One of the things that bothers me when dealing with other churches is I often see in them the same thing I saw in the churches where I worked before I came to Real Life. I see staff who are alone, trying their best, but not trusting those they work with enough to open up; senior pastors who think they must be perfect, the answer man, always joyful, and always filled with faith; and people in the church who expect the pastor to be more than human. Pastors are often expected to be people who have already arrived instead of fellow travelers. Many times the congregation does not feel that way, but somehow the pastor believes they do.
These fears cause people to live in the dark. Satan loves the dark because he can play with our minds there. How many pastors have been caught with secret addictions because they never sought help for fear people would find out? How many join pastors’ prayer groups and ministerial associations because they believe that only another senior pastor can understand them? I love working with other pastors and churches, and we ought to work and pray together, but we should also have people on our teams with whom we are honest. We should have friendships—real friendships.
God expects his coaches to create a culture of teamwork and relationship. We must create a culture in our church where it is OK not to be OK. How sad to be in a church where we put on our happy faces and tell everyone we are fine when we aren’t. We live in a world that does not know how to have real relationships; we need to show the world it’s OK to struggle, ask for prayer, and be sad.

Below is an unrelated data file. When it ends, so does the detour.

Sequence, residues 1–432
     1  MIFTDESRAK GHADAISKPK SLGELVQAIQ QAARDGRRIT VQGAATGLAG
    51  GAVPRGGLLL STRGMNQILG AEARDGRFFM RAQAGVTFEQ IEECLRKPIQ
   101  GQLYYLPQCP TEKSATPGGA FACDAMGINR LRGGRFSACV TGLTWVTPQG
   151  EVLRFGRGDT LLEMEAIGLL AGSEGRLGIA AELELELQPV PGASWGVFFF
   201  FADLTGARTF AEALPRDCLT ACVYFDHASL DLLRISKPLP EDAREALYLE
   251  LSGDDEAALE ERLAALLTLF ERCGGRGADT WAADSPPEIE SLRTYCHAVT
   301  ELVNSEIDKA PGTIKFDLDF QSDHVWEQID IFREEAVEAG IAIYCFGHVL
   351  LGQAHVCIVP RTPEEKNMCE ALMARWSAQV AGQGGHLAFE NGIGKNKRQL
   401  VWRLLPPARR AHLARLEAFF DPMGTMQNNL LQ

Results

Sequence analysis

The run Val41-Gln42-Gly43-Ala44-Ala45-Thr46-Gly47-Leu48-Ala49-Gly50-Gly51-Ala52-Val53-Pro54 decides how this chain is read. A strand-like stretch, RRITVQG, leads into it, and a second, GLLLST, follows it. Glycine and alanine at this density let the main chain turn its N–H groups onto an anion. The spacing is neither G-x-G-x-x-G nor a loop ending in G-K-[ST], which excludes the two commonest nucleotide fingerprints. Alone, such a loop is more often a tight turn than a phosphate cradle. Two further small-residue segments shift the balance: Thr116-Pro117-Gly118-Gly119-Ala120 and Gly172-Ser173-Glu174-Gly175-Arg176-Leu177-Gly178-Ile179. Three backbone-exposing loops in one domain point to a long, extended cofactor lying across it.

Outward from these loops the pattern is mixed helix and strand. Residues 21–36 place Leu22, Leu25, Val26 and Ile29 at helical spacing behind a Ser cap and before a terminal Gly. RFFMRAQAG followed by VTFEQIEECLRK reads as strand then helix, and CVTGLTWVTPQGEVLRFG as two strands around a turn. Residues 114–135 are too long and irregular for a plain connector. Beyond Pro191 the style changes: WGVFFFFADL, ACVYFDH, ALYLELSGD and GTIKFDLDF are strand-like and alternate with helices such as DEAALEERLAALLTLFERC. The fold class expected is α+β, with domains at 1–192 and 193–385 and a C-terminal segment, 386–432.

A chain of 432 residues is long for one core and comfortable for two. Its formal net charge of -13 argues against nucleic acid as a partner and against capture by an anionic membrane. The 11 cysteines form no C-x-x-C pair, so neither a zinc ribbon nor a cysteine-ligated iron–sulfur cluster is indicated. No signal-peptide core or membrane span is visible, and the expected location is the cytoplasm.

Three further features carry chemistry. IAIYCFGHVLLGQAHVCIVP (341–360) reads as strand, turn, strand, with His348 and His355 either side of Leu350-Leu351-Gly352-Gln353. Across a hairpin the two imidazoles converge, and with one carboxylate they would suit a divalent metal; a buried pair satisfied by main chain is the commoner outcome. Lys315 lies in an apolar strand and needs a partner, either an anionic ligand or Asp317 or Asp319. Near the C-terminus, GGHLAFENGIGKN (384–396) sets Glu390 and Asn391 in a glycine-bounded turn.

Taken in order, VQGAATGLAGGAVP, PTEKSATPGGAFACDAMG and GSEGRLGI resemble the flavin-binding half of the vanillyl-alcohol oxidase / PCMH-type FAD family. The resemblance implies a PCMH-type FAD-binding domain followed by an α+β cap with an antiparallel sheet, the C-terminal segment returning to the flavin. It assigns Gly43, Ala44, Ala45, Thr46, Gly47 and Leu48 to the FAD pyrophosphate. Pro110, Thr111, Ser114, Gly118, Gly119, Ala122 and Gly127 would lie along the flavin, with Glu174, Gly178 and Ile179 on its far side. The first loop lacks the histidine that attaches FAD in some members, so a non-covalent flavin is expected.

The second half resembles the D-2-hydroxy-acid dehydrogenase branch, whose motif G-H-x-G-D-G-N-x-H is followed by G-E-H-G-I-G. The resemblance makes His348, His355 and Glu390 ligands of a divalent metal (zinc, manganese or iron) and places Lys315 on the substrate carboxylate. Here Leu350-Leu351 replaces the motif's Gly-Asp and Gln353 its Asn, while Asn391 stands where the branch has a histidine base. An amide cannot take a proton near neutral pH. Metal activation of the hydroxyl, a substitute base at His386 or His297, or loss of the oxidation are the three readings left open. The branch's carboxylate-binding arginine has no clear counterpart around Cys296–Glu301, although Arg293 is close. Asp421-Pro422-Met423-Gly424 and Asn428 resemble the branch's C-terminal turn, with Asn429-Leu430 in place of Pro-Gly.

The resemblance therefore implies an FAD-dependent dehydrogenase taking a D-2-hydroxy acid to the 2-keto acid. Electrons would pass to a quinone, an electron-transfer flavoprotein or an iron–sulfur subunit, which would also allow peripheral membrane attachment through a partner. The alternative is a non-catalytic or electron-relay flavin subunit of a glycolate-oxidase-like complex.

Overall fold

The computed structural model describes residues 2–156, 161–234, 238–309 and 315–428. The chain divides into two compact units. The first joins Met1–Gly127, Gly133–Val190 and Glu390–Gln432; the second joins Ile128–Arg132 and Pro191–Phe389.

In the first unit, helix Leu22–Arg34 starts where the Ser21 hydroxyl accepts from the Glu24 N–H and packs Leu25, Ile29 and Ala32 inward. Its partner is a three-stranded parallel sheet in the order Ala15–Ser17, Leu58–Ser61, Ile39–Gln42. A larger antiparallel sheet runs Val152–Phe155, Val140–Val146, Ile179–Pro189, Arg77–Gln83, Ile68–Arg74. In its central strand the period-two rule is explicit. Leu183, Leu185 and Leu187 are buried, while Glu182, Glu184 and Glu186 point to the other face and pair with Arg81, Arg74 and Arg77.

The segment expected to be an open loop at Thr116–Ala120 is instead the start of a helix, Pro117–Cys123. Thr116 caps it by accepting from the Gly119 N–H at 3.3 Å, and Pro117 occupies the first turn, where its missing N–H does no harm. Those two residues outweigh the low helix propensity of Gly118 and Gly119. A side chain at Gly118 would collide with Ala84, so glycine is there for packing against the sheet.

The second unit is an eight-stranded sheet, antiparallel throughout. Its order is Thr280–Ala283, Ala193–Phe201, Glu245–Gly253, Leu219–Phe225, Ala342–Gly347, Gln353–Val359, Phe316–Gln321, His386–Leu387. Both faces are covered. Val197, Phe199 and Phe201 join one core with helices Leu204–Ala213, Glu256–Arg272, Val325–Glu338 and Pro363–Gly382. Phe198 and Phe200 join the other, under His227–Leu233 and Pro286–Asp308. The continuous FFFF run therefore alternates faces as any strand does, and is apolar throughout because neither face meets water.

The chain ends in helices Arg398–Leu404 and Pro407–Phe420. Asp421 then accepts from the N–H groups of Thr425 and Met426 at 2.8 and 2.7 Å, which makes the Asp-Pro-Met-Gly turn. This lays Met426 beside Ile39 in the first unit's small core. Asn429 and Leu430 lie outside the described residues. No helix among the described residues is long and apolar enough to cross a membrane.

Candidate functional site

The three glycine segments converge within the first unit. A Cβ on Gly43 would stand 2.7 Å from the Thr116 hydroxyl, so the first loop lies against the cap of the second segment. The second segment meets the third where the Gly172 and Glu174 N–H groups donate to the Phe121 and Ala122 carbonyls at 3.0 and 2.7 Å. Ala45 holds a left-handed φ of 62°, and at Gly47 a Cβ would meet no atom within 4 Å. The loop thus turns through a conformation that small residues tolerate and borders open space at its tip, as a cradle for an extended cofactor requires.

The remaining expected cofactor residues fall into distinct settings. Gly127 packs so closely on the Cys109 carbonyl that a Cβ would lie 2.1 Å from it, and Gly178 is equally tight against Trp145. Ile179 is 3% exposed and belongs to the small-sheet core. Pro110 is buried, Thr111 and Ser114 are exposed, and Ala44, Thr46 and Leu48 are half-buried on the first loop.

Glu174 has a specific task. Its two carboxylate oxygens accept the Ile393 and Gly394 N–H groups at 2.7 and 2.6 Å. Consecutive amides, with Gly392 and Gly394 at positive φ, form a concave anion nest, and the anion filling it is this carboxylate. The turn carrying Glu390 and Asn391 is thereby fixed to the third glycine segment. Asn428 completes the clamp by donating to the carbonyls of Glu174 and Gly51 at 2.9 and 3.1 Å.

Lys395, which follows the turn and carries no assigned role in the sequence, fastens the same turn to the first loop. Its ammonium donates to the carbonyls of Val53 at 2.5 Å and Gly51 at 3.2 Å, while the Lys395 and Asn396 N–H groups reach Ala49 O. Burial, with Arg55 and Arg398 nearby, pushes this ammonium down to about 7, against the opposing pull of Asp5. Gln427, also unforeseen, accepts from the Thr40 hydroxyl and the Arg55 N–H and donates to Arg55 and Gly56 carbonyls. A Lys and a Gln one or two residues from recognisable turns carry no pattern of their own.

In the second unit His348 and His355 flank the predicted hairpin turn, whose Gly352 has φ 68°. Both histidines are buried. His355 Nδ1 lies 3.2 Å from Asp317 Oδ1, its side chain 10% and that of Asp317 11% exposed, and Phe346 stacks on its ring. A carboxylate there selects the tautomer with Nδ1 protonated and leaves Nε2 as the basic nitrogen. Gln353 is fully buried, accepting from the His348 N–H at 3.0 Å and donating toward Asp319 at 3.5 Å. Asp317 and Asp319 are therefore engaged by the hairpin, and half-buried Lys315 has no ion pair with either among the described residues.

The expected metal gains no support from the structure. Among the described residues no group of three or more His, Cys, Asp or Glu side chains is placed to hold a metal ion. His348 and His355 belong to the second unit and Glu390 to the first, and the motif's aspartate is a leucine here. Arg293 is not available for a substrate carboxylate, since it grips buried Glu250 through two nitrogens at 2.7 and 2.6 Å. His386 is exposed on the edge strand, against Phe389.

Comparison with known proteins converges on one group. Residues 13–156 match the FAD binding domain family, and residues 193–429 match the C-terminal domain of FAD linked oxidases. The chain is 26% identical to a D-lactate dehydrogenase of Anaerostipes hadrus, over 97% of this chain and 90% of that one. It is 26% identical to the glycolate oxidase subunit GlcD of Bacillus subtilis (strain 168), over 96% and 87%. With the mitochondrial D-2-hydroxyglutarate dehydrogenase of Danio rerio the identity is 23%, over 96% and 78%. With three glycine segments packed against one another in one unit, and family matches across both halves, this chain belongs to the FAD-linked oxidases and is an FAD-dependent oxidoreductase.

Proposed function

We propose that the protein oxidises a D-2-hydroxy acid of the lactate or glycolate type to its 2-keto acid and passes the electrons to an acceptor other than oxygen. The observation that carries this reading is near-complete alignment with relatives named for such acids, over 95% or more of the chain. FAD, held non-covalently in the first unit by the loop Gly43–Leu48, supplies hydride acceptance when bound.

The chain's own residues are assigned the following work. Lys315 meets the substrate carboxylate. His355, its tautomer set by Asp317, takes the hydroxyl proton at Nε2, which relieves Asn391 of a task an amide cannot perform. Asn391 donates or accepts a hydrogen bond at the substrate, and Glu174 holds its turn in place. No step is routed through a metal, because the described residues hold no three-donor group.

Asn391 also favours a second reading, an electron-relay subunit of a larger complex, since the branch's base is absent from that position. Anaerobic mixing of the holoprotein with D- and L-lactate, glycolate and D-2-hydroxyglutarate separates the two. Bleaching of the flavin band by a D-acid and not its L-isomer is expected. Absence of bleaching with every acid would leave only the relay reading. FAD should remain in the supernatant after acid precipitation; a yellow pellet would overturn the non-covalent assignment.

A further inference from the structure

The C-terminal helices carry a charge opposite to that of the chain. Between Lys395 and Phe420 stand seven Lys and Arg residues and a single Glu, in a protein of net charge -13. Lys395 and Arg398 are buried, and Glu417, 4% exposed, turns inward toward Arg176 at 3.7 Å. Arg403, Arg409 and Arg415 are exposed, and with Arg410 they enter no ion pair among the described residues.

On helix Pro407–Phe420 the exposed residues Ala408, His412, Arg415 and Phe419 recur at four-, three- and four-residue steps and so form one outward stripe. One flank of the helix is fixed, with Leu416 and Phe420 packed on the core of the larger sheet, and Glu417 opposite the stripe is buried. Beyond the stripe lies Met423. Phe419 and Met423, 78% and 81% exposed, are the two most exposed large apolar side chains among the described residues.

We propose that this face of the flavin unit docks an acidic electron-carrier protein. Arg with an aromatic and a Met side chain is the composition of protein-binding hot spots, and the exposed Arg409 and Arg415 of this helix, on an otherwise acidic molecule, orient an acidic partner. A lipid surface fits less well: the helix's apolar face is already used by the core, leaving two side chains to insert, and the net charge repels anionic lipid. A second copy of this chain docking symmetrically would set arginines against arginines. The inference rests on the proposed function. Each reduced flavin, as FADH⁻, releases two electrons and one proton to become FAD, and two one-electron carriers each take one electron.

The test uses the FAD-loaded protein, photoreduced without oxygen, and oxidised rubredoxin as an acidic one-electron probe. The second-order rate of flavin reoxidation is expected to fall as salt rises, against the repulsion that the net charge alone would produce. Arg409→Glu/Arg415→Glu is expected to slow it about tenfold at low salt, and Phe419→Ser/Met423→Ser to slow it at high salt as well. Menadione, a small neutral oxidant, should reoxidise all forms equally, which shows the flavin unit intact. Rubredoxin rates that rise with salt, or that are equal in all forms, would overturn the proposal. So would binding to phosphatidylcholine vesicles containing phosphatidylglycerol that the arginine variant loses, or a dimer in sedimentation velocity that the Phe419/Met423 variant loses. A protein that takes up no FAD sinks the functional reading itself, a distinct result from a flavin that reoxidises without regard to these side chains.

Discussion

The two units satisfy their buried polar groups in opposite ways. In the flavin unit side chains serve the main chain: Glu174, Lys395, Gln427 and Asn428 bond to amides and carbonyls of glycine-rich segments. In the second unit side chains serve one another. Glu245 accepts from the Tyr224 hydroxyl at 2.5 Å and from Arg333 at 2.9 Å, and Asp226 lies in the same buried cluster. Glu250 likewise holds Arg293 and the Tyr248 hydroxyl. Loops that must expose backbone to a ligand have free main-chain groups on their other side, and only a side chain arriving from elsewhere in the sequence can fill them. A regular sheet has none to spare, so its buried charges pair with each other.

Working For What We Need
Relationships are hard work. Whether in a marriage, a parent-child relationship, a work environment, or in church, it is hard work. In some ways it might be easier to be alone. Many have taken that path. I believe God is fighting a spiritual war over relationship, and if he is, then the Christian soldier must fight as well.
Leaders, we must lead our people to what they need, not what the culture dictates they have. Oh yes, people are busy—too busy. We schedule around our business instead of confronting it. We must lead our people to what they need, not to what they want.
One hundred committed, balanced disciples will do more damage to the devil than 10,000 stressed-out, alone, tired, empty churchgoers. The world needs the gospel and that includes relationship. People need it like they need water. Let’s do what it takes to lead them to it.
Jim Putman is founding senior pastor of Real Life Ministries in Post Falls, Idaho.